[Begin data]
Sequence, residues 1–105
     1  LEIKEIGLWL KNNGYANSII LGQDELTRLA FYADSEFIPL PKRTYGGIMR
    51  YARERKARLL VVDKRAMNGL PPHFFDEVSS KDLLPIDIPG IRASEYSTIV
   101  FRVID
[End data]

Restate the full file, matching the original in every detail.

Sequence, residues 1–105
     1  LEIKEIGLWL KNNGYANSII LGQDELTRLA FYADSEFIPL PKRTYGGIMR
    51  YARERKARLL VVDKRAMNGL PPHFFDEVSS KDLLPIDIPG IRASEYSTIV
   101  FRVID